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The lip/bit was chewed, cracked and chipped. The stem being lucite made things a bit more difficult to repair the missing piece of the button. I mixed thick black CA glue and a little charcoal powder and applied it to the lip/bit area with a toothpick hitting with accelerator to set the patch. The patch wouldn’t be transparent but the repair would be stronger then using Gorilla glue.

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I left the stem to sit overnight to allow the patch to cure, the next morning I reshaped the button with needle files and 400, 800 and 1000 grit sandpaper.

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With the new button formed I ran the stem though the various grits of micro-mesh.

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In the end the patch blended pretty well.

Complete.

 

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I gave the stummel a wipe down with Howard’s Butcher Block Conditioner and hand buffed off the excess. I lightly buffed the stem at a low rpm with blue compound, a few coats of carnauba and a micro-fiber hand buffing.

Thanks For Taking A Look

Tim.

Quick Clean Up of 2 Petersons

Peterson.

Donegal Rocky XL90 & Standard XL305

 

Its always nice to add a couple more Petes to the collection and in decent condition to boot. I enjoy a challenge as much as the next guy but its also nice to do a leisurely standard cleaning.

The Clean Up.

 

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 For the price they were both in great lightly smoked condition. A little oxidation , chatter and the silver band on the Donegal was tarnished.

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I started with my PipNet reamer and reamed back the cake to a suitable thickness. The Donegal chamber was perfect, still had the bowl coating. The 315 was a little different the bowl coating was still there but there was an indentation on the side of the chamber that was caused by careless reaming in the past. I sanded the area to smooth out the damage as much as possible, in the long run it will not affect the smoke .

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Next I cleaned the internals with EverClear stiff/soft pipe cleaners and Q-Tips. Very clean internals on both pipes, if you were to judge the pipes by there mortise alone you’d think they were un-smoked.

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With the internals clean I now gave the stummals a wipe down with Method Wood For Good Polish and found a new use for the polish in the process it also cleans the tarnish from  silver bands. I’m amazed by this stuff more and more each time I use it.

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Before removing the oxidation I tried a little heat to remove some of the chatter. ( holding the stem above the flame of a Bic Lighter moving the flame at all times so not to burn the stem)  Both stems responded pretty well, the XL90 responded the best leaving only minimal marks, the 305’s upper side was left with very little chatter after the heat , the under side  didn’t respond as well and would still need sanding,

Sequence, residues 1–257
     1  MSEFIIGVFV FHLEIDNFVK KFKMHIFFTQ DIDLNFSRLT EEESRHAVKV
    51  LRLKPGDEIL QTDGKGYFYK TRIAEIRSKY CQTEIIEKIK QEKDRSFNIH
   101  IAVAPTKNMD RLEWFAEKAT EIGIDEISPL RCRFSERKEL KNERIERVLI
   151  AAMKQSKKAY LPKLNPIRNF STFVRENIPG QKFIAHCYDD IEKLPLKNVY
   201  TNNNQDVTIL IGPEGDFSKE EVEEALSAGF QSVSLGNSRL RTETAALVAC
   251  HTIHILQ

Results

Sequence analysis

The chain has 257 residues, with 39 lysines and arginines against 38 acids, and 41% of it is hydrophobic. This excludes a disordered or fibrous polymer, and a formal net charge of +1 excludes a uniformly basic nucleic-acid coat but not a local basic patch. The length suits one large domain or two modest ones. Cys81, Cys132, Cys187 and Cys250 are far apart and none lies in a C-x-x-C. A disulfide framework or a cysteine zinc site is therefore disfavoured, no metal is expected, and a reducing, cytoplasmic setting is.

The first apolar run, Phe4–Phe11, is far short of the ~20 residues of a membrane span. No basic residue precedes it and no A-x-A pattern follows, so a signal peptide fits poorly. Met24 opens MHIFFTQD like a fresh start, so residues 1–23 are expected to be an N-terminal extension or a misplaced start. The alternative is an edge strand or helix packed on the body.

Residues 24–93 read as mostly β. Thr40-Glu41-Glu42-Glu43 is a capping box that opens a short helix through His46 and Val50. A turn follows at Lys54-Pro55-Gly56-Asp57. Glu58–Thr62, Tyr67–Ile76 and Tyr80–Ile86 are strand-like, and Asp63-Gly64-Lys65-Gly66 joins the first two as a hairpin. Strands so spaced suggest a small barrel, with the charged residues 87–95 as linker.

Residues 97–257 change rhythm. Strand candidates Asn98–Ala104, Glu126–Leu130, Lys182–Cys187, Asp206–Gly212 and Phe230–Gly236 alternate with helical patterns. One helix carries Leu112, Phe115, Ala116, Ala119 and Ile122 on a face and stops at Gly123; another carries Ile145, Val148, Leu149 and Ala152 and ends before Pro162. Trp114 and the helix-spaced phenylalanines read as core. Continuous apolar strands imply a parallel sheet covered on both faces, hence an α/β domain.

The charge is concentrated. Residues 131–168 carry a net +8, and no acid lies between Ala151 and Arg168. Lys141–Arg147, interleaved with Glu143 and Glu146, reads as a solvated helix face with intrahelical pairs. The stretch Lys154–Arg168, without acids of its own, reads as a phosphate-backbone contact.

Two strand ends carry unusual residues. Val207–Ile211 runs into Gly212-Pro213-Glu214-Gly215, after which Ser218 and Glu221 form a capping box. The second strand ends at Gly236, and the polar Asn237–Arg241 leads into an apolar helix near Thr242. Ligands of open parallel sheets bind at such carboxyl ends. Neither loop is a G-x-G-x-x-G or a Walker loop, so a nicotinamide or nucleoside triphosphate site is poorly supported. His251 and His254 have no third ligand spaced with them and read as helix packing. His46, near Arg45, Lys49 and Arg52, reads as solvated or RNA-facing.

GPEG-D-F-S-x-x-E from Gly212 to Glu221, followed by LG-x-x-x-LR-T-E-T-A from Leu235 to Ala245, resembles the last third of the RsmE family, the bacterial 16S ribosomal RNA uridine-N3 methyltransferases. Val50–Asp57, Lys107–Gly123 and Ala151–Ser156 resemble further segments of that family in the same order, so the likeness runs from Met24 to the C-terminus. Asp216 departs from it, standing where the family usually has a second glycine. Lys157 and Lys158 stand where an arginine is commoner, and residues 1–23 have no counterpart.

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With the bulk of the chatter removed I moved onto the oxidation, I applied a generous amount  of non-bleach Soft Scrub and left it aside to allow the Soft Scrub to brake up the oxidation, once the Soft Scrub turns from white to a brownish color its time to scrub vigorously with a rag adding more Soft Scrub as needed. ( Holding the stem under natural light will help to see if all oxidation has been removed)

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I now ran the stems thought the various grits of micro-mesh. The XL90 didn’t need much attention but the 305 needed a bit more work, I taped off the bit end with blue painters tape so my more abrasive sanding would remain in one area. I sanded with 400,800 and 1000 grit sandpaper wet to remove the rest of the chatter I then ran it though the micro-mesh pads.

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During my process of removing the oxidation I also inadvertently removed the P from the XL90 stem , I taped off the P originally but the tape was no match for the Soft Scrub. My white Rub’n Buff dried up so gold would have to do, using a toothpick I applied the Rub’n Buff and allowed it to dry, I then lightly polished with 8000 and 12000 micro-mesh pads.

Complete.

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I finished up on the wheel with a few coats of carnauba and micro-fiber hand buffing. Buffing the stem with blue compound and carnauba.

Thanks For Taking A look.

Tim.